Chapter 8. Hardware Input Support

Table of Contents
Hardware Input in GDAM
MIDI Controllers
Ultrasonic Rangefinders
Secondary Computer Keyboards
Dynamic Input Assignment
Input Binding Files
Example Input Binding Files
Assigning Input Bindings

Hardware Input in GDAM

GDAM supports hardware input in a few ways. Midi devices, auxilliary keyboards, and ultrasonic rangefinder input plugins exist already. As of writing, only gui components make use of hardware input, but it is implemented on a lower level, so other clients may support it in the future.

You can get started immediately: open the midi selector and then open a gain widget. It should have a MIDI button once the selector is opened. Depressing that button with the mouse, which wiggling a midi knob will automatically attach the gain's volume to the knob.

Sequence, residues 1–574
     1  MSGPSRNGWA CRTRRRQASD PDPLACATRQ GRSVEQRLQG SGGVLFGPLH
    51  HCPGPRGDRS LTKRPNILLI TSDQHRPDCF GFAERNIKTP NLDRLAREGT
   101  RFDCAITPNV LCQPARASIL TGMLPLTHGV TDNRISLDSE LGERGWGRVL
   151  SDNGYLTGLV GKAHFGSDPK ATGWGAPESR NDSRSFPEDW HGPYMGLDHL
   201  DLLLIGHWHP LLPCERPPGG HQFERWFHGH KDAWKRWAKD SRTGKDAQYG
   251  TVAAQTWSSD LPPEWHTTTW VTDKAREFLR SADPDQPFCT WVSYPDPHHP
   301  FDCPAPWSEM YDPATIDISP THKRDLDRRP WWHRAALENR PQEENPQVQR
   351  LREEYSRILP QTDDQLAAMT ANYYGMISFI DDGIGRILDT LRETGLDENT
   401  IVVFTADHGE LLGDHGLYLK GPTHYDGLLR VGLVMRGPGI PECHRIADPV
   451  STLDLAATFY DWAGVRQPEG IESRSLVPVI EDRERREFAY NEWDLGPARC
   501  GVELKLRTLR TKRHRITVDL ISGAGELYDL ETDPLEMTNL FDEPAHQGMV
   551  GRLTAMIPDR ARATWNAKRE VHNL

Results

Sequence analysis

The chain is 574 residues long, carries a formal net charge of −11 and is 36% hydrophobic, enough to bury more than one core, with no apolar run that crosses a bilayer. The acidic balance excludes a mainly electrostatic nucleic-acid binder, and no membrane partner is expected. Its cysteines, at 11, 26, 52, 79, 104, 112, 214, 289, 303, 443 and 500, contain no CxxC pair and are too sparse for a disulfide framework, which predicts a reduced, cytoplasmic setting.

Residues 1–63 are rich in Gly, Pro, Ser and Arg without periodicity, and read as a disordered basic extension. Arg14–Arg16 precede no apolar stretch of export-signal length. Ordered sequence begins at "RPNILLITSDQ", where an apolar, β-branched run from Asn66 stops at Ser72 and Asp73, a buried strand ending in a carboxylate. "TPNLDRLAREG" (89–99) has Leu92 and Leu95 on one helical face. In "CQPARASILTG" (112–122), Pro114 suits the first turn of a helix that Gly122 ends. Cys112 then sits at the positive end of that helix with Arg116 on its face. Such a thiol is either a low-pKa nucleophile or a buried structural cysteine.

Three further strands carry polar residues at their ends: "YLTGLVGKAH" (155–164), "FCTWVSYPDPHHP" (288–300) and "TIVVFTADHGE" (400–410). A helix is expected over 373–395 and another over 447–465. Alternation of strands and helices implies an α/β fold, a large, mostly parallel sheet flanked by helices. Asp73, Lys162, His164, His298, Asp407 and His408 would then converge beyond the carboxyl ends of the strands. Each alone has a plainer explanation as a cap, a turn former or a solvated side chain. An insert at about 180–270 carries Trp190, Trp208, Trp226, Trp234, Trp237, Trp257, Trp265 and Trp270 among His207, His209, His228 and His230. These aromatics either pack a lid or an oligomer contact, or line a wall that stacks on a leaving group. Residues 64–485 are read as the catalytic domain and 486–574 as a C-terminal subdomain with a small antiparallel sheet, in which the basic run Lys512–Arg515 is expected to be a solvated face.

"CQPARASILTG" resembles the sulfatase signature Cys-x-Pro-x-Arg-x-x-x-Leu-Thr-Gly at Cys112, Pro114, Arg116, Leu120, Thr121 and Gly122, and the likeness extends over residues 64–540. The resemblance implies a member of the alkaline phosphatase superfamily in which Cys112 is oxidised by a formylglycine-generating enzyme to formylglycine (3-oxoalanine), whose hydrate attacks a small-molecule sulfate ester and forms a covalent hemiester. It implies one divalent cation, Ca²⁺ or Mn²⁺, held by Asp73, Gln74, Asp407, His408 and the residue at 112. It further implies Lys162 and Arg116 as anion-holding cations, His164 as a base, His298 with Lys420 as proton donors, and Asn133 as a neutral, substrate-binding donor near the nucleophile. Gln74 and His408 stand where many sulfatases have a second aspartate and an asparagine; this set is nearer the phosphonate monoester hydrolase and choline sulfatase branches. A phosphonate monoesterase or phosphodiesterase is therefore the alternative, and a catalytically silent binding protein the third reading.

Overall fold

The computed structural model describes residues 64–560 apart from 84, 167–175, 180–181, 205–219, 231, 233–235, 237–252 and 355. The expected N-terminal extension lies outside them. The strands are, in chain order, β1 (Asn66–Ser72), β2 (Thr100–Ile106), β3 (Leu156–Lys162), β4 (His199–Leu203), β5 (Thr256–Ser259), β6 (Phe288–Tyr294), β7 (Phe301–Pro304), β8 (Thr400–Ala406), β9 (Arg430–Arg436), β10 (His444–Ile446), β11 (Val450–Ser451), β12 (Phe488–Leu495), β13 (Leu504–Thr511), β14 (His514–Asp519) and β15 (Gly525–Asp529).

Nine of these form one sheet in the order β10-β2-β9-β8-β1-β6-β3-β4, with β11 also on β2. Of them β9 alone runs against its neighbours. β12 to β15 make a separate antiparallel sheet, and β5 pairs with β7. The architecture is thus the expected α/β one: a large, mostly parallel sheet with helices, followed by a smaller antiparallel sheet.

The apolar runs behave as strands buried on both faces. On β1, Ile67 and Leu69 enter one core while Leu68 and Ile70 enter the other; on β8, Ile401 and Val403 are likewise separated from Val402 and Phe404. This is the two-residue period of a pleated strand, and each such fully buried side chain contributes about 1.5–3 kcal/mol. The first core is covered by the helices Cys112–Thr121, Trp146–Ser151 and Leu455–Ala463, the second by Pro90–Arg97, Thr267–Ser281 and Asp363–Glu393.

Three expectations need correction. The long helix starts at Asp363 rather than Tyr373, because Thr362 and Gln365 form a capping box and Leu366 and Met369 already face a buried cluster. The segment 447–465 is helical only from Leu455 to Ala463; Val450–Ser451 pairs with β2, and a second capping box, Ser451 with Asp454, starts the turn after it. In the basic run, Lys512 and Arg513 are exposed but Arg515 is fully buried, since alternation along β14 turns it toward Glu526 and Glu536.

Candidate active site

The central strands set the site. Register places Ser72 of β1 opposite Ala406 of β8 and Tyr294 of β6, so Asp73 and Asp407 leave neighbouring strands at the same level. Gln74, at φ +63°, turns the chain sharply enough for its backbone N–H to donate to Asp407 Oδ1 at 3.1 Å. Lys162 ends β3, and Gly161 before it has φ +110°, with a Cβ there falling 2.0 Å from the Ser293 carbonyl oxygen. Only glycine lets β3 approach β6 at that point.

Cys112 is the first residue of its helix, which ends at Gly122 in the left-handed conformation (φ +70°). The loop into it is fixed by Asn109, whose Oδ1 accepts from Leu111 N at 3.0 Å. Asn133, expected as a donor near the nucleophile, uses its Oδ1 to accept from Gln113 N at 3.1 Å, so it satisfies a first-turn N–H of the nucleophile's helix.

You can also specify more information about your device. Then the messages will be more readable, and that is the only way to trap "System Exclusive" messages.

NOTE: hardware input has been rewritten as of version 0.922. Changes include unification of hardware input methods, and the ability to assign a set of bindings to a component by reading an xml file.

GDAM supports midi hardware input. Through plugins, other hardware input devices (i.e. sonic rangefinders) can be supported. Hardware input devices are cool because they transcend the clumsy mouse-and-keyboard interface most computer users suffer. For instance, midi sliders allow a user to vary several parameters simultaneously. Also, hardware input assignments don't obey window focus the way a computer's normal keyboard does, and will continue working regardless of what application the user may be mousing around in. Additionally, hardware input devices allow the operator to spend less time hunched over a monitor.

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